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BioMetals

, Volume 28, Issue 3, pp 553–566 | Cite as

Synthesis, characterization and biological activity of Cu(II), Zn(II) and Re(I) complexes derived from S-benzyldithiocarbazate and 3-acetylcoumarin

  • May Lee Low
  • Georgiana Paulus
  • Pierre Dorlet
  • Régis Guillot
  • Rozita Rosli
  • Nicolas Delsuc
  • Karen A. Crouse
  • Clotilde Policar
Article

Abstract

Cu(II), Zn(II) and Re(I) complexes have been synthesized with the Schiff base, N′-[1-(2-oxo-2H-chromen-3-yl)-ethylidene]-hydrazinecarbodithioic acid benzyl ester (SBCM-H) which was prepared by condensation of S-benzyldithiocarbazate and 3-acetylcoumarin. The metal complexes were characterized on the basis of various physico-chemical and spectroscopic techniques including elemental analysis and electrochemical studies, and FT-IR, UV–Vis, NMR, EPR and mass spectroscopy. The Schiff base was found to behave as a bidentate ligand coordinating with Cu(II) and Zn(II) in the thiolate form with 1:2 metal to ligand stoichiometry. Crystals suitable for X-ray diffractometry (XRD) were obtained from the reaction of ReCl(CO)5 with SBCM-H forming a centrosymmetric dimeric complex Re2L2(CO)6 linked by Re–S–Re bridges, where S is the thiolate sulfur of the N,S-bidentate ligand. This Re(I) complex is the first metal carbonyl complex with a bidentate dithiocarbazate ligand to have been characterized by XRD. Cytotoxicity assays revealed enhancement of the bioactivity of SBCM-H upon complexation. Both Cu(II) and Re(I) complexes are found to be active against human breast adenocarcinoma cancer cell lines MDA-MB-231 and MCF-7.

Graphical Abstract

Keywords

3-Acetylcoumarin S-Benzyldithiocarbazate Copper(II) Zinc(II) Rhenium(I) 

Abbreviations

Abs

Absorbance

ACN

Acetonitrile

CI

Chemical ionization

CV

Cyclic voltammetry

DMEM

Dulbecco’s modified Eagle’s medium

DMF

Dimethylformamide

DMSO

Dimethyl sulfoxide

DMSO-d6

Deuterated dimethyl sulfoxide

ER

Estrogen receptor

EPR

Electron paramagnetic resonance

ESI–MS

Electrospray ionization–mass spectra

FAB

Fast atom bombardment

FT-IR

Fourier transform-infrared spectroscopy

GC–MS

Gas chromatography–mass spectral

HR-MS

High resolution-mass spectra

MCF-7

Human breast carcinoma cells expressing nuclear estrogen receptors

MDA-MB-231

Human breast carcinoma cells not expressing nuclear estrogen receptors

MS

Mass spectroscopy

MTT

3-(4,5-Dimethylthiazol-2-yl)-2,5-diphenyltetrazolium bromide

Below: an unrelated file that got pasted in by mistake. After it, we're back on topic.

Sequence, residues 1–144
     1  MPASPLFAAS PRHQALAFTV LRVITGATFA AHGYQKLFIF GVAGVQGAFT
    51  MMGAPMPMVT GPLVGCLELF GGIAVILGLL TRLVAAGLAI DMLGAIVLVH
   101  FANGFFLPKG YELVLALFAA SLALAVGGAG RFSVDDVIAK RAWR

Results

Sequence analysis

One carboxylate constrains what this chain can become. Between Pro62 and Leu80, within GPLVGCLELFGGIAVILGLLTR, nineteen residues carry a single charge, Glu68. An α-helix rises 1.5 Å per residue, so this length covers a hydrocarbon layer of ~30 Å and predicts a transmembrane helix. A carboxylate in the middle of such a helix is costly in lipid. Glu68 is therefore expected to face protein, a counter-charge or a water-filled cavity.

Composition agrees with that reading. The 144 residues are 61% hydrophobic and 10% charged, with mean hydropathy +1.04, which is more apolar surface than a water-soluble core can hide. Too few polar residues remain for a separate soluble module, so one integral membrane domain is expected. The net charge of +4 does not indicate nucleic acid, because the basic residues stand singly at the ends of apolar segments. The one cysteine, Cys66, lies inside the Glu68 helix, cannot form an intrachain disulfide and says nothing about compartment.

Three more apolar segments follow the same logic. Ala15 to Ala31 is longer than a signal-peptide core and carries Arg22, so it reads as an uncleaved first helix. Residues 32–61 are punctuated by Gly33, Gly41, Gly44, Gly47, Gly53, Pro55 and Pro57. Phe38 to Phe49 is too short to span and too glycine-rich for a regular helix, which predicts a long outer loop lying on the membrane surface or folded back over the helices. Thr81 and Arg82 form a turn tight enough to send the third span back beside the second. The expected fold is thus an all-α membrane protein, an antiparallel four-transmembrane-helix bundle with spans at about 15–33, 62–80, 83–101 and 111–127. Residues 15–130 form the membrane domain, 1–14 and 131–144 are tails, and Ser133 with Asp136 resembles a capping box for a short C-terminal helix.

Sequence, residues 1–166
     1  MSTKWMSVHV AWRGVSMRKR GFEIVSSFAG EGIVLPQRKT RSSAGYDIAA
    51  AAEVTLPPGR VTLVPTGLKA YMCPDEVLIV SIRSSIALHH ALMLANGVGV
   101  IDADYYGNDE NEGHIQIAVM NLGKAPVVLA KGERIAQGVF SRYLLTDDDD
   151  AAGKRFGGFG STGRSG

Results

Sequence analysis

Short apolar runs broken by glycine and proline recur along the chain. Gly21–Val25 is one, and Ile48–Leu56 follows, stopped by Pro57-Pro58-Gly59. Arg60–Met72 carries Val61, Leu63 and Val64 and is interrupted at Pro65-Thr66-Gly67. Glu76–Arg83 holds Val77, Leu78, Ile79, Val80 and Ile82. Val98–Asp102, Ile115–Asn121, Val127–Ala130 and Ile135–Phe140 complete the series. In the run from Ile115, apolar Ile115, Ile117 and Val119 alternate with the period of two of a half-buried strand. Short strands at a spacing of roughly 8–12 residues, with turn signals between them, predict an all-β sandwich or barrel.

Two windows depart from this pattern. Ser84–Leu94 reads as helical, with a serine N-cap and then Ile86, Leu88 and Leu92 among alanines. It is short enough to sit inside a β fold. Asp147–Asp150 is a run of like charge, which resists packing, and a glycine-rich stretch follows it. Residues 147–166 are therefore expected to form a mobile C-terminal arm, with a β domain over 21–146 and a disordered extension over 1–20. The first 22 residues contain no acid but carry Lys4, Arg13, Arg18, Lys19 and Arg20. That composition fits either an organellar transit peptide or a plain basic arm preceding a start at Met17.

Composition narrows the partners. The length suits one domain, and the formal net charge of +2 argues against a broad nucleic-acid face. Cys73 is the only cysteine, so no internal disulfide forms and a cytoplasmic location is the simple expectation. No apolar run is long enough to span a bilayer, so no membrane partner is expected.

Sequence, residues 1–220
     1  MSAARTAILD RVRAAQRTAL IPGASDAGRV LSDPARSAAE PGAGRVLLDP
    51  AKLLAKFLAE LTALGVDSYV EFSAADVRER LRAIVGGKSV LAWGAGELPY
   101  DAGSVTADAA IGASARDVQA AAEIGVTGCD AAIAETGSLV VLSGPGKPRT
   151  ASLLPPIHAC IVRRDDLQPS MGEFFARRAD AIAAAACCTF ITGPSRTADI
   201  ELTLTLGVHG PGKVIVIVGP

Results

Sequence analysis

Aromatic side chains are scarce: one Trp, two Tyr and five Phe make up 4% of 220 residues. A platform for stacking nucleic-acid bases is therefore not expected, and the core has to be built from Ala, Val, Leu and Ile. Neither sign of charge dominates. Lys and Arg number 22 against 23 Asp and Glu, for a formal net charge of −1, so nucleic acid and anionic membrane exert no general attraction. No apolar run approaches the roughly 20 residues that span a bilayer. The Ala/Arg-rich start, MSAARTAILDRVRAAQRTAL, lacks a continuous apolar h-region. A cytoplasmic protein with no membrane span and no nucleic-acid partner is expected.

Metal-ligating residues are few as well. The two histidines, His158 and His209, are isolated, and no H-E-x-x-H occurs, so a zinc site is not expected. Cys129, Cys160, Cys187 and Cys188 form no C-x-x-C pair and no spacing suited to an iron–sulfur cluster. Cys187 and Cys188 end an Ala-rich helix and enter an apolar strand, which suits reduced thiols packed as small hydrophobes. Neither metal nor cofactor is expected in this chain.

NMR

Nuclear magnetic resonance

ORTEP

Oak ridge thermal ellipsoid plot

PBS

Phosphate buffered saline

Pyta

4-(2-Pyridyl)-1,2,3-triazole

RP-HPLC

Reversed phase-high performance liquid chromatography

SBCM-H

N′-[1-(2-Oxo-2H-chromen-3-yl)-ethylidene]-hydrazinecarbodithioic acid benzyl ester

% T

Percentage of transmission

TFA

Trifluoroacetic acid

UV–Vis

Ultraviolet–Visible

XRD

X-ray diffractometry

Notes

Acknowledgments

Support for the Project came from Universiti Putra Malaysia (UPM), the Ministry of Higher Education (Malaysia), French ANR Blanc 2010, METABACT Grant and the French Infrastructure for Integrated Structural Biology (FRISBI) ANR-10-INSB-05-01. M. L. Low is grateful for the award of an Erasmus Mundus: Maheva Scholarship and a UPM Graduate Research Fellowship (GRF).

Supplementary material

10534_2015_9831_MOESM1_ESM.doc (1.7 mb)
Supplementary material 1 (DOC 1734 kb)

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Copyright information

© Springer Science+Business Media New York 2015

Authors and Affiliations

  • May Lee Low
    • 1
    • 2
  • Georgiana Paulus
    • 2
  • Pierre Dorlet
    • 3
  • Régis Guillot
    • 4
  • Rozita Rosli
    • 5
    • 6
  • Nicolas Delsuc
    • 1
  • Karen A. Crouse
    • 2
    • 7
  • Clotilde Policar
    • 1
  1. 1.École Normale Supérieure-PSL Research University, Département de Chimie, Sorbonne Universités - UPMC, Univ Paris 06, CNRS UMR 7203 LBMParisFrance
  2. 2.Department of ChemistryUniversiti Putra MalaysiaSerdangMalaysia
  3. 3.Laboratoire Stress Oxydant et Détoxication, Institute for Integrative Biology of the Cell (I2BC), Université Paris-Saclay, CEA, CNRS, Université Paris-SudGif sur Yvette CedexFrance
  4. 4.Institut de Chimie Moléculaire et des Matériaux d’OrsayUniversité Paris-SudOrsayFrance
  5. 5.UPM-MAKNA Cancer Research Laboratory, Institute of BioscienceUniversiti Putra MalaysiaSerdangMalaysia
  6. 6.Department of Obstetrics and Gynaecology, Faculty of Medicine and Health SciencesUniversiti Putra MalaysiaSerdangMalaysia
  7. 7.Department of ChemistryCape Breton UniversitySydneyCanada

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